One of San José’s greenest suburbs, Escazú is famous for its witches, stately homes, old adobe houses, astounding mountain and valley views, and much more.
San Rafael de Escazú, where Casa de las Tías is located, has restaurants, bars, discos and shops for every taste, a wonderful fruit stand, gas station, internet cafes, banks, ice cream parlors, and even a bagel shop! Just walk 6 blocks up the hill from Casa de las Tías and you will find yourself in downtown Escazú, a typical Latin American village with its church, central park, school and city hall.
Located only 9 kilometers/5 miles from the national capital city of San José, Escazú is a world apart. At an altitude of 1,100 meters/3,608 feet, its breezy climate, surrounding mountains, and picturesque colonial town set it apart from the urban bustle. Yet it is within minutes of upscale shopping centers, state-of-the-art hospitals such as CIMA (affiliated to Baylor University), and some of the best dental clinics, as well as art galleries and craft shops, with both traditional and contemporary offerings. Downtown San José is a 15-minute cab ride away, and the International Airport can be reached in 25 to 40 minutes, depending on the time of day.
Escazú's pre-Columbian origins are reflected in its name, which means "resting place." Its history is rooted in legends about a mountain-dwelling witch called Zárate; even today it is known as the “witch” capital of the country, with enduring stories of haunted houses, ghosts and even a magic monkey. A walk through the narrow streets of the main town brings visitors by well-preserved centuries-old adobe houses with oxcarts in the yards and clay-brick ovens still in use.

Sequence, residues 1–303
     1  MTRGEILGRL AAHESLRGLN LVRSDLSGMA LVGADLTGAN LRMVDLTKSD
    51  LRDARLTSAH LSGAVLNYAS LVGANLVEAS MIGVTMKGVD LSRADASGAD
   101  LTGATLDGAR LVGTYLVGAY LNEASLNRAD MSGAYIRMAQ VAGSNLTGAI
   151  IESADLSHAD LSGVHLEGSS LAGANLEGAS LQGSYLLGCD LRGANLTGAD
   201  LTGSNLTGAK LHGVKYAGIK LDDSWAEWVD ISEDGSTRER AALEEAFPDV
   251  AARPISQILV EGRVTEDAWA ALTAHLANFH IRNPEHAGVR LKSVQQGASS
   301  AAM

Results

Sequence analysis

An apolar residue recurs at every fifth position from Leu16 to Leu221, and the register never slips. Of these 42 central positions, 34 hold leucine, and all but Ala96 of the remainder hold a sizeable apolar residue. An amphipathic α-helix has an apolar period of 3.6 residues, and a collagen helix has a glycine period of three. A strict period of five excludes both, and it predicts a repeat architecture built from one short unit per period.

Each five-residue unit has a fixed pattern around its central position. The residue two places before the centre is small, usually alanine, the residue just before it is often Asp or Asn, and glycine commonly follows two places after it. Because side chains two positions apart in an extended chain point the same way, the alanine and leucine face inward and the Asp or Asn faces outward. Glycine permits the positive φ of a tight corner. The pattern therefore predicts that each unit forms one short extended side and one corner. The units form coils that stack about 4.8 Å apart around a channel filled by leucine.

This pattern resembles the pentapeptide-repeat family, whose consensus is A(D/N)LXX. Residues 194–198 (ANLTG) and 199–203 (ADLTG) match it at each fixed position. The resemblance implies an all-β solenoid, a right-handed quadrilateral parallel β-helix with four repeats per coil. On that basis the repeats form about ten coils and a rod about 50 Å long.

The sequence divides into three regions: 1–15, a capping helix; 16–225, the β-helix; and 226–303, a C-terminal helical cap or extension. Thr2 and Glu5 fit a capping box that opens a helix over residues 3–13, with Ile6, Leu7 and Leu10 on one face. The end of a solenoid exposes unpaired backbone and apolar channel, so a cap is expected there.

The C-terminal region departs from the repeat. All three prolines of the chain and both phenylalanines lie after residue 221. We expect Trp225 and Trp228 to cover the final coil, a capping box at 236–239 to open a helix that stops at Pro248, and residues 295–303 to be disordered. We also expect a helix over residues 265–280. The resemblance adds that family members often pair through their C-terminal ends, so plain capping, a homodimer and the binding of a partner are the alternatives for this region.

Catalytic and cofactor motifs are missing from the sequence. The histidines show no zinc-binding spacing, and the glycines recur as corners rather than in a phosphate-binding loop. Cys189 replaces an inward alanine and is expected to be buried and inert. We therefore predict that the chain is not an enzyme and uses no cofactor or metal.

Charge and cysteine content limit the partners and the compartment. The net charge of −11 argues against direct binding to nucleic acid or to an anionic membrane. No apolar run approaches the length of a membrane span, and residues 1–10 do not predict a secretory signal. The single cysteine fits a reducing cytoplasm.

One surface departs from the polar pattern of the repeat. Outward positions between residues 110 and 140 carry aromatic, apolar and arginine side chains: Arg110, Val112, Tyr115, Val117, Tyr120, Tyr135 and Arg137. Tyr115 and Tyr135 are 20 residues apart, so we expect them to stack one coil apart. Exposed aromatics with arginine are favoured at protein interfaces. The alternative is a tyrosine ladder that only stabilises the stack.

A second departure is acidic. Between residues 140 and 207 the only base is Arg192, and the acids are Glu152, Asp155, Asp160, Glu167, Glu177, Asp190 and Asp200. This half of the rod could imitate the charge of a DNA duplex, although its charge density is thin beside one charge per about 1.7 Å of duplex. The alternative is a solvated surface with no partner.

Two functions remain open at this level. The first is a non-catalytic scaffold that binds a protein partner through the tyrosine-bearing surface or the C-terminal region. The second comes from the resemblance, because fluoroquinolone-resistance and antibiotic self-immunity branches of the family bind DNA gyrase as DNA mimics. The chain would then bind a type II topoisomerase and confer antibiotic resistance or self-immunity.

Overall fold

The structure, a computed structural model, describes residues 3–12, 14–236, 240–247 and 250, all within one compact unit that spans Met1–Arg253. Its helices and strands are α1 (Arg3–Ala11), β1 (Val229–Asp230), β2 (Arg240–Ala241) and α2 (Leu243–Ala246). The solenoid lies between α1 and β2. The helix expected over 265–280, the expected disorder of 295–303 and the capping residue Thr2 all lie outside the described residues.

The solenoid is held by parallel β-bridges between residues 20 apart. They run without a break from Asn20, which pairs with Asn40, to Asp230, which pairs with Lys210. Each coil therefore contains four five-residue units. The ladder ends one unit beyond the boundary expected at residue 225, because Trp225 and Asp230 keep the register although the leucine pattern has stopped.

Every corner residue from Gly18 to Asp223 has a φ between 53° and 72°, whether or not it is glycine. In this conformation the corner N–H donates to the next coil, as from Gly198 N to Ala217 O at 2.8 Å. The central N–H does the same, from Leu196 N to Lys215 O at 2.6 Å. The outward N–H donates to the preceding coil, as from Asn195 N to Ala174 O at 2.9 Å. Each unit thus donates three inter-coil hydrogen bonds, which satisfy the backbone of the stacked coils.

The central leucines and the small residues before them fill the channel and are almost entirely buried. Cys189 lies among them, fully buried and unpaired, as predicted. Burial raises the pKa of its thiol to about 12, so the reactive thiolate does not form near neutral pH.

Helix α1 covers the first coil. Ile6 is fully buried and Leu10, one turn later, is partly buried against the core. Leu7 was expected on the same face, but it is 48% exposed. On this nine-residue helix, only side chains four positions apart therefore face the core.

The most dramatic view of the area comes from the 2,000 meter/6,500 feet high cloud forest above San Antonio de Escazú, just 10 minutes by car from Casa de las Tías.
In the last decades the area has increasingly attracted an upscale population, becoming home to embassies, immigrants from North America, South America and Europe, and wealthy Costa Rican families. The Costa Rica Country Club is located in Escazú, and several horseback riding clubs as well as golf courses are a short distance away.
Yet Escazú's agricultural traditions live on, in its Saturday morning farmers' market, the organic farmers’ market, and its oxcart drivers or boyeros.
The now famous National Boyero Day takes place on the second Sunday of March with a parade of colorful hand-painted oxcarts, carrying families dressed in traditional costumes and pulled by teams of massive oxen often guided by five-foot, 12-year-old children. The parade ends in front of the Church of San Antonio de Escazú, with an array of traditional food and music. Casa de las Tías is a few blocks away from the parade route.
Escazú is also home to famous Costa Rican artists and artisans. Barry Biesanz’s Woodworks is well worth a visit to the hills of Escazú. This ecology-minded artist turns beautiful hard woods into exquisite bowls, boxes and furniture. Sculptor José Sancho, painter Cristina Fournier, jewelry designers Carmel Montoya and Sara Ulloa, Dutch artists Margreet Wielemaker-Postma, Ank Draijer, Ria Hauptkooper, and story teller Lola Pereira, among others, have made Escazú their home.
(for more on Escazú lore, click here